Will I be successful with Weight Watchers? Considering this will be my fifth time to join, yes. I always lose weight on Weight Watchers. I am incredibly successful on this program. The problem is that I never stick it out long enough to get to the maintenance phase. I typically get about a week or so away from maintenance (which means I’d be rather close to my goal weight), and then I just stop doing the program entirely. So I never learn how to maintain the new weight I’ve reached.
So there you go. A.Hab. feels like a big fat cow (and doesn’t really want to be comforted at the moment, but thank you in advance for any and all kind sentiments), and she desperately needs to make a change, no matter how inconvenient that is for her right now.
Edit: Before anyone asks or offers recommendations, I thought I should catalogue the programs I’ve already attempted and when and to what success:
1. Weight Watchers: the first time was in tenth grade and I lost all the weight I intended to lose; the second time was a couple years later when I started college, but I was unable to cook my own meals so I quickly failed; the third time was another year or so later when I moved to an apartment-style dorm and could cook my own meals, I did lose weight but failed to keep it off; the fourth time was at the beginning of graduate school, and I lost a great deal of weight because I was also starting a personal training program, but again, I gained it all back plus a great deal more.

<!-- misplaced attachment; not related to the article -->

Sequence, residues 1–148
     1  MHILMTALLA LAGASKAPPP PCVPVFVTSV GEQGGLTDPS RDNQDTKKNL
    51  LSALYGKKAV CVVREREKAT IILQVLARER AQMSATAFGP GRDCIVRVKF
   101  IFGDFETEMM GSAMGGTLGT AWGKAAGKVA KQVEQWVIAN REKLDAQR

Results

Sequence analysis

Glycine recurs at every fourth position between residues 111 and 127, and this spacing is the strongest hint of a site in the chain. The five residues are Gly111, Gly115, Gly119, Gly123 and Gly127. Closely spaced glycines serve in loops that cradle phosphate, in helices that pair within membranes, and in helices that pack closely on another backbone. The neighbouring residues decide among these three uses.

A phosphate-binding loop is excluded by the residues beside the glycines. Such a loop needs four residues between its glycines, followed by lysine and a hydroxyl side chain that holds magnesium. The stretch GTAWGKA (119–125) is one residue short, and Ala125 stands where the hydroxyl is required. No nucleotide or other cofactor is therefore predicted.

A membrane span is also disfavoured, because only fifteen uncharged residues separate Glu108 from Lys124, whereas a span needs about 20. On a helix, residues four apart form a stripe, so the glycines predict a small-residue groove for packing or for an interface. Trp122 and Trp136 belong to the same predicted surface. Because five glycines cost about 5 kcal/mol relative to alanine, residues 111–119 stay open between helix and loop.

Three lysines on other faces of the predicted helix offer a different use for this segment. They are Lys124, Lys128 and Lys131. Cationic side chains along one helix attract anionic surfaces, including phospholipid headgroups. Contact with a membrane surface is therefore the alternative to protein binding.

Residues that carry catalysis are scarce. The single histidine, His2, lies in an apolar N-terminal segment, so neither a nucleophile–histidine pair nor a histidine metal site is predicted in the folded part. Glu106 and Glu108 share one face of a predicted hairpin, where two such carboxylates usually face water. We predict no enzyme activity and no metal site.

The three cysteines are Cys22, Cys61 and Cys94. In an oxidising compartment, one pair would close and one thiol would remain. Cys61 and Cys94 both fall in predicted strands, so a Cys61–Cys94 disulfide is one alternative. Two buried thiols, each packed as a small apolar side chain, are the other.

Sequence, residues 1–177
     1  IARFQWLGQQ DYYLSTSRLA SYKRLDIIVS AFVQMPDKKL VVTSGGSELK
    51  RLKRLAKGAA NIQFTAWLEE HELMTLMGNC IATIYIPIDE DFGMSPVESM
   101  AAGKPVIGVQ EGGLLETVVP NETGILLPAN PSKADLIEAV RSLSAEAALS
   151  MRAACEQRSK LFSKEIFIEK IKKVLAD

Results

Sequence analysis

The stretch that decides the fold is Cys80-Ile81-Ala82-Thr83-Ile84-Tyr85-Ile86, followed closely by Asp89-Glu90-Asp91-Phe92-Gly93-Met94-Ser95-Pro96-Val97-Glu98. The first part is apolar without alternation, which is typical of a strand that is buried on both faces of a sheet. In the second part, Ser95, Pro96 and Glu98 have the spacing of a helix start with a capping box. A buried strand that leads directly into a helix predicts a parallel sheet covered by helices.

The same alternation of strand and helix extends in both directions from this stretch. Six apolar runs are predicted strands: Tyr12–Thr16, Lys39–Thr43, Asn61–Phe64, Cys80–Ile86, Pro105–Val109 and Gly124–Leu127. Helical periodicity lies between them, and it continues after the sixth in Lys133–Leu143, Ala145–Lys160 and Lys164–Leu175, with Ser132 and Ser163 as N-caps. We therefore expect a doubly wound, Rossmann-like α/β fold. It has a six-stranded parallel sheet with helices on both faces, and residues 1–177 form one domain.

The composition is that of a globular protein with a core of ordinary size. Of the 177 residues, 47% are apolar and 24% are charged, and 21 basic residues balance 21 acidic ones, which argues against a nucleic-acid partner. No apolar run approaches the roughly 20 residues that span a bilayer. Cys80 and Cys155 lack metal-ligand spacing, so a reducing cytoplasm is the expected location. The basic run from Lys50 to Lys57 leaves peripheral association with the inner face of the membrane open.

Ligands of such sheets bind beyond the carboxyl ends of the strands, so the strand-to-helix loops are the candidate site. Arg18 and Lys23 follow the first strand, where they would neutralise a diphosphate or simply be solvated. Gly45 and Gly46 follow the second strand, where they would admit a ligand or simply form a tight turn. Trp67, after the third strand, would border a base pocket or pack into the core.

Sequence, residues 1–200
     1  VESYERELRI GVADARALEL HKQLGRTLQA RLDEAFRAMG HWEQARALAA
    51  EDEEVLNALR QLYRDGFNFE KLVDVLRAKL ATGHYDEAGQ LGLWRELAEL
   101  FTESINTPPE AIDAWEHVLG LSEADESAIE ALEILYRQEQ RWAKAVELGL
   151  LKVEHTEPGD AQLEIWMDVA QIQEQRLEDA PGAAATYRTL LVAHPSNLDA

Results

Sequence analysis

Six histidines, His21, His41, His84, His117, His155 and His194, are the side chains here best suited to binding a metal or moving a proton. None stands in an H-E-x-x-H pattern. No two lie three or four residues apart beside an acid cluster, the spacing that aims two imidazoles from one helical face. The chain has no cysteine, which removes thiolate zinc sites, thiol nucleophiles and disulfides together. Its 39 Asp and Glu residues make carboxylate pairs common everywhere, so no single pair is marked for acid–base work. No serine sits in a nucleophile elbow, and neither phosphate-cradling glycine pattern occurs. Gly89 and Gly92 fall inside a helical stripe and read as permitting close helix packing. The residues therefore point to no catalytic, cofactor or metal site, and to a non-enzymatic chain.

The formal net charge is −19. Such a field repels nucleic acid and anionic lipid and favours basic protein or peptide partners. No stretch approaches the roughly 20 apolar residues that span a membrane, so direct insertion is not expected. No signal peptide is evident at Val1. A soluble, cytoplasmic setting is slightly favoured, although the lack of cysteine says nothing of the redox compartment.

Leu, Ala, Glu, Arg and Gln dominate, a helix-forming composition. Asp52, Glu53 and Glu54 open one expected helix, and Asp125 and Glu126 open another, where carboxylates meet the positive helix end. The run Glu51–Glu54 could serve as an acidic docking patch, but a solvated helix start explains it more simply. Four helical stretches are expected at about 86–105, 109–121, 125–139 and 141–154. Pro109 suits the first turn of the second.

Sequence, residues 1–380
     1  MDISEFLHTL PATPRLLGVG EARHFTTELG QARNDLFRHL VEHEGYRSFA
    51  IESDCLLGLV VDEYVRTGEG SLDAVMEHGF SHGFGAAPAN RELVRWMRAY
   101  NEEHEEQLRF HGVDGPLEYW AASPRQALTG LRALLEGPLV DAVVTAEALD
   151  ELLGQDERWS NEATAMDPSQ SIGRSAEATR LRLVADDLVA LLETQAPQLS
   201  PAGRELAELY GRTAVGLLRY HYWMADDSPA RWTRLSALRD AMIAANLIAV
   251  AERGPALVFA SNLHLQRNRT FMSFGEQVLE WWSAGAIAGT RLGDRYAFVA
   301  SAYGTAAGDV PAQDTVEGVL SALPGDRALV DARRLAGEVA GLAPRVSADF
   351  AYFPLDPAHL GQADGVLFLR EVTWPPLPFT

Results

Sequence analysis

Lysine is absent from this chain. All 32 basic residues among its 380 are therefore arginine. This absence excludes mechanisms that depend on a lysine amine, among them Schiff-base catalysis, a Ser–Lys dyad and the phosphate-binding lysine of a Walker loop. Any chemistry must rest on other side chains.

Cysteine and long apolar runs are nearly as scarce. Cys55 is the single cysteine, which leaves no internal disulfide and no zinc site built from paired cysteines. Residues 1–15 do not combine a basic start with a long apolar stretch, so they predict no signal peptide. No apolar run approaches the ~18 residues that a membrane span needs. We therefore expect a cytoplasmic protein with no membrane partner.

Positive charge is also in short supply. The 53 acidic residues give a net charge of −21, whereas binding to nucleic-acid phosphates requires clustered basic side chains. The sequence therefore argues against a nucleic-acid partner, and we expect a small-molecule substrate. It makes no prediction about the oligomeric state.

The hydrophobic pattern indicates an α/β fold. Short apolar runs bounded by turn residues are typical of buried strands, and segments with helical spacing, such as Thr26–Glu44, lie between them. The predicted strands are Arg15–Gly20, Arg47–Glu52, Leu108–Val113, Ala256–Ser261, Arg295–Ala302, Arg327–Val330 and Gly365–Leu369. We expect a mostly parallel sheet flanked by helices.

2. Atkins: of course, like everyone on the planet who tries this or other low-carb programs, I was immediately successful. I was on this in between the second and third tries with Weight Watchers. I was kind of a bitch on it, though. Turns out that my niceness comes from carbs. Big FAIL for low-carb programs.
3. Jenny Craig: I was on this after the fourth time with Weight Watchers fell through. I was successful with this as well, and I was keeping up with an exercise program. It was during my time on this program, though, that my L5/S1 disk herniated, so my exercising came to a screeching halt once the pain was agonizing. I found myself lying to my over-the-phone consultant about my weight loss. I wasted a lot of my parents’ money buying food that I never ate.
4. Counting calories/low-fat: in the interim between programs I’m almost always doing some form of this or other…until I become utterly dejected and depressed. I am less successful on these sort of home-grown programs (the kinds where you’re accountable really only to yourself and the expanding gut in the mirror). Technically this is what I’m supposed to be doing right now. But once I fell into a good routine and started to lose weight consistently (averaging between 1.5-2 pounds a week) last year, I eventually stopped because I grew bored with the foods I normally ate.